More or less Nepal’s economy is remittance based. Nepal is among the frontrunners in terms of remittance as percent of GDP (31.5 percent). This statistics is disturbing since remittance driven economies are unsustainable in the long run. It can only provide a temporary respite to the economy, but tourism can be a long-term source of income for the country.
Concomitantly, foreign employment has declined due to the unstable labor market in the Gulf and increased job opportunities at home—mostly in construction—after the 2015 mega earthquakes. Thus, capital generated from tourism can play a pivotal role in filling up the chasm left by dwindling remittances due to fewer foreign employments.
Now let us focus on what foreign nationals can do to uplift Nepal’s tourism. Similar to how Uber provided consumers with alternatives to taxis, a renaissance has happened in the hotel industry as well: Airbnb has turned the hospitality business on its head. Travelers choosing smaller homestays and Airbnb over often pricey hotels can directly contribute to the livelihoods of many whilst experiencing authentic Nepali hospitality.
Since the earthquake, there has been a deluge of donations from international development partners. Many of them even came here to volunteer or simply travel. But the international press hasn’t been all too kind. Many established news organizations fastidiously report on only the negative sides. Examples include Nepal being the most polluted country in the world.
They conveniently leave aside the fact that it is Kathmandu that is polluted, and not the entire country itself. Such misinformed reporting paints a misleading image of Nepal. The media also conflates certain social issues, such as chhaupadi and animal sacrifices, as a representative case of Nepali society in general. True, plenty of social evils prevail, but our progressive constitution ensures (and for which the government has undertaken decisive steps) every Nepali gets to live with dignity under the rule of law.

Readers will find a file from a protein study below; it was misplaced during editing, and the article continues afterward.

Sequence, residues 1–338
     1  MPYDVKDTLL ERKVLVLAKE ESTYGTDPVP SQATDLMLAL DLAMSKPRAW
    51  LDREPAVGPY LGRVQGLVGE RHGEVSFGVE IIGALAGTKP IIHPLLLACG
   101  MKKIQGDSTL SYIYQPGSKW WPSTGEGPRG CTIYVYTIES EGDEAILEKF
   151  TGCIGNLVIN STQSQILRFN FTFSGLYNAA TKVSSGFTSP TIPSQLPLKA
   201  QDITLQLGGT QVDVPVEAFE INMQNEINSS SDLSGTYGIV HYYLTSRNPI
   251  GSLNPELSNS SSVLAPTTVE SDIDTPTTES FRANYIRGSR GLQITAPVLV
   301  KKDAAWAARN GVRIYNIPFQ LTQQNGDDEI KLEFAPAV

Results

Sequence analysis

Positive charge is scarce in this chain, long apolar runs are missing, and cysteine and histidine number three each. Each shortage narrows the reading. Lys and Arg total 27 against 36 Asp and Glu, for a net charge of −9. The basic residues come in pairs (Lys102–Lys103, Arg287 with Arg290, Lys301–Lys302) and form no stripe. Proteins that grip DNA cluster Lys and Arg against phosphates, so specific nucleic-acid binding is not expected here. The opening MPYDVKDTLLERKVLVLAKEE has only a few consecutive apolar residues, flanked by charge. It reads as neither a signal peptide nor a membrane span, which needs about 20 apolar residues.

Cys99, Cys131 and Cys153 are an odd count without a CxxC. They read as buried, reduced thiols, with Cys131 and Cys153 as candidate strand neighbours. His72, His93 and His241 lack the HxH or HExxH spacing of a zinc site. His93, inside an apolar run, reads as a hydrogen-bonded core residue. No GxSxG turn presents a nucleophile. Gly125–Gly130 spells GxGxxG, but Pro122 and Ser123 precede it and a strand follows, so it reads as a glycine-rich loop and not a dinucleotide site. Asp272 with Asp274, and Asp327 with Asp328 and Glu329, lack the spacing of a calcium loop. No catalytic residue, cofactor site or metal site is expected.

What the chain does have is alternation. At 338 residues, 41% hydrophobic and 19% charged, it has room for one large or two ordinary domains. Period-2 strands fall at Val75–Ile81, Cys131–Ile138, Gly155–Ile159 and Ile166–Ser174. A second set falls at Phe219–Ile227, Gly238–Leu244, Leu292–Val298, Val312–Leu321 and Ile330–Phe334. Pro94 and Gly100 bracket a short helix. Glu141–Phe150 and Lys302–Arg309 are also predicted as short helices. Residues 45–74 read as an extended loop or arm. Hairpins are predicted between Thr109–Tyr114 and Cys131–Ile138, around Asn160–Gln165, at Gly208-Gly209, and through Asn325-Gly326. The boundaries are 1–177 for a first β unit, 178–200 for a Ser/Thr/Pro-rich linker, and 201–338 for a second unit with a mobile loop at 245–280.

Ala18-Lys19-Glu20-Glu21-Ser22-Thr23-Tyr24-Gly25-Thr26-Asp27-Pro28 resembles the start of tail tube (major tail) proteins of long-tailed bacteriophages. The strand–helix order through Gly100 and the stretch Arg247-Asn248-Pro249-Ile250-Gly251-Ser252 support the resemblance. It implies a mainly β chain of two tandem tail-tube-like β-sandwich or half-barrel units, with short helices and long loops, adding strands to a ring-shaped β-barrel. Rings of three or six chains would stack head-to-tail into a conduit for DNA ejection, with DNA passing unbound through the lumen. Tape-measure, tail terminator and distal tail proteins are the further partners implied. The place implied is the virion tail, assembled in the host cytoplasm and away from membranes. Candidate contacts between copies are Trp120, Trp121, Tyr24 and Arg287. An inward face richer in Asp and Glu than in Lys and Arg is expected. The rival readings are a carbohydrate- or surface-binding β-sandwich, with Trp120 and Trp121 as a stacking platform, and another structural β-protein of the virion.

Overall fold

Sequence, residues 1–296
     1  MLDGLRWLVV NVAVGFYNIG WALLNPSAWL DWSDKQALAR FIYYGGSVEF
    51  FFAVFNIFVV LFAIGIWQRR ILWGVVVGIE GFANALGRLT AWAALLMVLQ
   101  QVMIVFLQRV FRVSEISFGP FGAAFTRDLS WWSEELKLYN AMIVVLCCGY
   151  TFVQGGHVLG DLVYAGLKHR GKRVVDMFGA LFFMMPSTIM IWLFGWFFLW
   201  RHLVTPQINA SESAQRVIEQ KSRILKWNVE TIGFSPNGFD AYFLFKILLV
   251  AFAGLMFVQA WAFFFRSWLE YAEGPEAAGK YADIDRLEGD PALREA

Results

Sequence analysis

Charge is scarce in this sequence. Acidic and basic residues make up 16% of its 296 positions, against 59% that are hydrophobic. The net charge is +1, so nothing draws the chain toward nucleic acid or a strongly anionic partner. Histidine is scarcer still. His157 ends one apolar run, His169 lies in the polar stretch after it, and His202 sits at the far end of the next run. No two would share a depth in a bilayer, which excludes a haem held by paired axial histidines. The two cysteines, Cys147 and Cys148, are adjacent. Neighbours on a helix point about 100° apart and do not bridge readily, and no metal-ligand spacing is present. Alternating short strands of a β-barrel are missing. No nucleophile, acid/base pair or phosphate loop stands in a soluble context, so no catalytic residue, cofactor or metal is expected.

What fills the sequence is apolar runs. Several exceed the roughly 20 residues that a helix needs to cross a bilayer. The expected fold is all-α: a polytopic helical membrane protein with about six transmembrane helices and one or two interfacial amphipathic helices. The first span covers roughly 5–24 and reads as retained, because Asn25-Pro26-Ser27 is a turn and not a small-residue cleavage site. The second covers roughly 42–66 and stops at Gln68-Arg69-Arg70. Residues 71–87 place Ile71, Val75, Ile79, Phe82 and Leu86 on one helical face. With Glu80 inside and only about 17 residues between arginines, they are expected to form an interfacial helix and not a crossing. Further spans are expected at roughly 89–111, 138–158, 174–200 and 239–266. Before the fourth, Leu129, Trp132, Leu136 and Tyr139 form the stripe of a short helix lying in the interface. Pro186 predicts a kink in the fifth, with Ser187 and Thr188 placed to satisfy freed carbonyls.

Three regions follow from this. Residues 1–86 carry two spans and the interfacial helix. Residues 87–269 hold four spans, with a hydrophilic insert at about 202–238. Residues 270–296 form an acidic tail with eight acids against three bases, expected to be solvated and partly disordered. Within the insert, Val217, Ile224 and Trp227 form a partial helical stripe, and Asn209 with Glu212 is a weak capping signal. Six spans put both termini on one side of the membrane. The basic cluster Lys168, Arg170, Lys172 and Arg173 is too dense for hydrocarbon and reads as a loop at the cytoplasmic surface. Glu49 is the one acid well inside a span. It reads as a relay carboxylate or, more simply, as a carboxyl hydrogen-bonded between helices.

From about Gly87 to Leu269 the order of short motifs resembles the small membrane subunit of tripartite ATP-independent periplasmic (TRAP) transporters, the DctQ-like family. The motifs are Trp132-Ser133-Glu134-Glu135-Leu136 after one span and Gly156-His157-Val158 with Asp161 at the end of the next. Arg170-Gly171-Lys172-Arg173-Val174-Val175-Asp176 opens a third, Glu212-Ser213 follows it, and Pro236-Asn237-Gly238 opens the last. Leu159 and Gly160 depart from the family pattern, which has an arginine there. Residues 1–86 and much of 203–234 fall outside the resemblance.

That said, the immutable fact remains that diversification of income is vital and no country—however small—can sustain solely through tourism. It can, however, be one of the pillars of our economy alongside export-based trade. Extreme reliance on only one sector puts the economy at serious risks.
It is discouraging to notice how countries like Egypt and Peru fish out tourists by the millions with only a handful of attractions like the pyramids and Machu Picchu respectively while Nepal, with its bountiful natural attractions, is lagging behind in numbers. Nepal should be able to harness the spillover effect of millions of Chinese and Indians traveling abroad.
Attracting only a fraction of our neighboring countries’ tourists could be a significant source of income for Nepal in the long run. Nepal may not boast the extravagance of New York, the opulence of Dubai or the nightlife of Amsterdam, but it does possess the natural beauty to capture your imagination, the adventure to boost your adrenaline, and heartwarming hospitality.
The once elusive glass ceiling of one million visitors has already been shattered. But numbers and economics shouldn’t be the only yardstick. It is tourism industry that can help Nepal burnish its image abroad, emboldening its soft-power for a country with negligible hard-power. Nepal should demonstrate to be a premium holiday destination for people from all socio-economic background, for which the government and the private sector should inculcate innovative ideas and investments.
The author is a student of political science at Queens College, City University of New York